The L-1 Visa or Inter-company Transfer Visa
Is granted to people who have worked outside of the U.S. as a manager, executive, or in a position involving specialized knowledge, and are now seeking to come to the U.S. to work in a related U.S. company in a same capacity. Many international companies use an L visa to transfer their executives, managers, or workers who are in position involving specialized knowledge, to the U.S.

L-1 Visa Requirements

  • Worker is an executive, manager, or in a position involving specialized knowledge, 
  • Worker has been employed continuously for at least 1 year within 3 years preceding the time of the L visa application, 
  • The company outside the U.S. is related to the U.S. company in some form (parent-company, branch, affiliate, subsidiary, etc.), 
  • Worker seeks to enter the U.S. temporarily, and 
  • Worker will continue to work for that company as an executive, manager, or in a position involving specialized knowledge

A spouse and minor children of an L-1 beneficiary may be granted L-2 visa status. An L-2 visa beneficiary may become a student in the U.S.  They also may work in the United States.

J-1 Exchange Visitor Visa (Cultural Exchange Training Visa)
In order to obtain a J-1 visa for an employee, a company must either become designated by the Department of State as a J-1 visa program sponsor or initiate an application through an approved third party training sponsor organization.

There are dozens of organizations that are authorized by the Department of State to act as a third party sponsor of J-1 training programs. These organizations review and approve the application and training program of a proposed employer and issue a Certificate of Eligibility for J-1 training. Each of the third party program sponsors has different requirements, filing fees and procedures. Almost all third party sponsor applications require that the employer submit a detailed training program. The training program must spell out in explicit detail the type and chronology of training which will be accomplished, even if it will take place through on-the-job training.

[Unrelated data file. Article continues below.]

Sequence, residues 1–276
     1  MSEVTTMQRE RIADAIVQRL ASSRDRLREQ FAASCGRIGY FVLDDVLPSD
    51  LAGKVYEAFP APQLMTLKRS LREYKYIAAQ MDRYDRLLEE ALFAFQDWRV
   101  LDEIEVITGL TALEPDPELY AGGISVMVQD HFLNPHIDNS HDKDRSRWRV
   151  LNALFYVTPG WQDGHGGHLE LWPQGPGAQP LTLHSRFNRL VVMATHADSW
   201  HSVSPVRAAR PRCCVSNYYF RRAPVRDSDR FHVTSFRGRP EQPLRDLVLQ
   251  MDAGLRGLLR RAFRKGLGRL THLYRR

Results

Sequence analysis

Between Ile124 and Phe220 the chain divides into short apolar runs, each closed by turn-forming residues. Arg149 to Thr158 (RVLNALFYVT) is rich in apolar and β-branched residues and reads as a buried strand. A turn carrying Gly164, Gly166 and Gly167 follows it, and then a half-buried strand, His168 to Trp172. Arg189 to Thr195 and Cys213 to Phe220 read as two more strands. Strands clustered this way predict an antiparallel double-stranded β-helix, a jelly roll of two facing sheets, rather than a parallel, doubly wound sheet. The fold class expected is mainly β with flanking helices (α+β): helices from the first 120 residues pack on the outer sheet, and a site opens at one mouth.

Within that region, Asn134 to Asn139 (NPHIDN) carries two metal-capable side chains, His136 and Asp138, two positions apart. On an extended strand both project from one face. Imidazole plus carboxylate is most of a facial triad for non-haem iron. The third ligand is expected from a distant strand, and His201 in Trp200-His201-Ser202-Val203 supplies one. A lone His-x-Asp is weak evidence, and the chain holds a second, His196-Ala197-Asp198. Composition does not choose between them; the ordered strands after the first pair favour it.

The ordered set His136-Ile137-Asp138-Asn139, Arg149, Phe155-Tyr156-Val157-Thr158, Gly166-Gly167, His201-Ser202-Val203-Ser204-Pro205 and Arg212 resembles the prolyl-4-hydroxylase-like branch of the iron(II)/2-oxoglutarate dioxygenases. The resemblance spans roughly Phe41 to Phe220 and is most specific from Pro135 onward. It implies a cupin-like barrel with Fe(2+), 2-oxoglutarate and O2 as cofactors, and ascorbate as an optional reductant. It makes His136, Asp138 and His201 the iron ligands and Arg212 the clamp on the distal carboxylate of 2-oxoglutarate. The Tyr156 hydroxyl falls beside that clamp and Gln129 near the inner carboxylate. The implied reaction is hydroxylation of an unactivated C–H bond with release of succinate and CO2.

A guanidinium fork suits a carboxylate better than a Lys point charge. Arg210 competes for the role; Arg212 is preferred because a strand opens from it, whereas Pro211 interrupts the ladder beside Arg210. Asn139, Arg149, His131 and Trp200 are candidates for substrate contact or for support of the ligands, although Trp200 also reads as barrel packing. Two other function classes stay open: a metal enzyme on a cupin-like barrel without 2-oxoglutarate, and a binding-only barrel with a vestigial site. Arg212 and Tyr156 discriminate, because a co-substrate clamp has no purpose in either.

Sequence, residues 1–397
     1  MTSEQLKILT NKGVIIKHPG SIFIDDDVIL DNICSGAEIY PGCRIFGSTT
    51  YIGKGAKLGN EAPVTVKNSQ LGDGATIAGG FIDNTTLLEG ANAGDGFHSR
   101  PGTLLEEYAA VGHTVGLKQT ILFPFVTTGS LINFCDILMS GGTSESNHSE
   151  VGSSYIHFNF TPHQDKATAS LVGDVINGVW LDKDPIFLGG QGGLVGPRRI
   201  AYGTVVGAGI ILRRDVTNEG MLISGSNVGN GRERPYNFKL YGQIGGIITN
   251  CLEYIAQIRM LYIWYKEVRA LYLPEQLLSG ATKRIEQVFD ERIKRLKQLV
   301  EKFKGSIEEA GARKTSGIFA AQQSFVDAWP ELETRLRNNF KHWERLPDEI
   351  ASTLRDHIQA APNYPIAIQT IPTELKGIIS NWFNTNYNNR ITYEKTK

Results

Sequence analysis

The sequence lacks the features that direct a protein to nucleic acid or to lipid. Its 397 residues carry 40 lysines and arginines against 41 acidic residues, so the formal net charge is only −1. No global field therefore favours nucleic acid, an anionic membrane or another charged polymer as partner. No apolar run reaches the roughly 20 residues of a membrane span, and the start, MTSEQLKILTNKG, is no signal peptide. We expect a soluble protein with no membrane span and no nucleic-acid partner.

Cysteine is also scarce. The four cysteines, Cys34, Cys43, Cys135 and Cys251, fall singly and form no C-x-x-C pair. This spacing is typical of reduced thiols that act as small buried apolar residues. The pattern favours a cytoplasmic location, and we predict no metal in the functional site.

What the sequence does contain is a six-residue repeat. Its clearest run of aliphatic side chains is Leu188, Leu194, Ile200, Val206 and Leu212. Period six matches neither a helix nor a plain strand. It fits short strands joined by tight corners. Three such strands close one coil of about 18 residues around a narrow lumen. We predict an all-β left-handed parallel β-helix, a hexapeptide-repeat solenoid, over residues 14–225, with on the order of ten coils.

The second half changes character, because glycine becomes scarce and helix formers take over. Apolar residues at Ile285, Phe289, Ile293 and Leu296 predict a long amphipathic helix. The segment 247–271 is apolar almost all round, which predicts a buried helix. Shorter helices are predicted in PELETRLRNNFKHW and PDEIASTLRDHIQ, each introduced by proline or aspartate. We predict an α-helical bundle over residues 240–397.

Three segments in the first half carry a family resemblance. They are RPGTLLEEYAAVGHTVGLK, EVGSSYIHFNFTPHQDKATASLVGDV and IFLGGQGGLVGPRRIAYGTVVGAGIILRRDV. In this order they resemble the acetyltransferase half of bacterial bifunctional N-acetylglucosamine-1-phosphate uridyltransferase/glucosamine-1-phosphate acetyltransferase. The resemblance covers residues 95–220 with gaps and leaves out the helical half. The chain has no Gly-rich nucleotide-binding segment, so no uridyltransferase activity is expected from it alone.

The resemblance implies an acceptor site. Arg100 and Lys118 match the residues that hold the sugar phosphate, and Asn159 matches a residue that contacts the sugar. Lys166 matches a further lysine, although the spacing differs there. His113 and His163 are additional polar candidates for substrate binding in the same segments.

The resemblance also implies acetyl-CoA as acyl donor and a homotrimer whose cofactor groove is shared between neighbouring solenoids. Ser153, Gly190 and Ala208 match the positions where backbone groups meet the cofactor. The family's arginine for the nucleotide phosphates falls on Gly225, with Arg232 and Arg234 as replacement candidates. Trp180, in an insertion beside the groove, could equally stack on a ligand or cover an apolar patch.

Since the J-1 visa is a nonimmigrant visa, applicants must demonstrate that they have a residence abroad which they do not intend to abandon. As is the case with the F-1 student visa or the B-2 visitor visa, applicants for a J-1 visa must prove to the US Consulate that they have strong enough family, economic and social ties to their own country

The O Visa for Aliens of Extraordinary Ability 
Is for aliens with extraordinary ability in the sciences, arts, education, business, or athletics, certain aliens accompanying or helping those aliens, and their family members. There is no quota on the number of O visas issued each year.  The O-1 visa can be given only on the basis of individual qualifications. There are three standards for the O-1 visa. The most difficult standard applies to those persons in the sciences, education, business, and athletics; a much less difficult standard applies to individuals in the arts, and a medium-level standard applies to those of extraordinary achievement in the motion picture or TV industries.  This visa is usually issued for three years and may be renewed for three years. 

P Visa for Athlete/Entertainer
The P category covers entertainers and athletes who cannot meet the standard for extraordinary ability in the O category.  The P visa is given to athletes, artists and entertainers who compete individually or as part of a team at an national or internationally recognized level, and also to aliens who perform with, or are an integral and essential part of the performance of an entertainment group that has received international or national recognition as “outstanding” for a “sustained and substantial period of time.”  These visas are issued for the duration of the performance events. 

R-1 Religious Visa
This visa allows religious workers to come to the U.S temporarily to work in religious occupations. Examples of R visa religious workers are monks, nuns, missionaries, and religious brothers and sisters.

R Visa Requirements

  • The religious worker must have been a member of a religious denomination for at least 2 years immediately preceding the filing of the R-1 visa application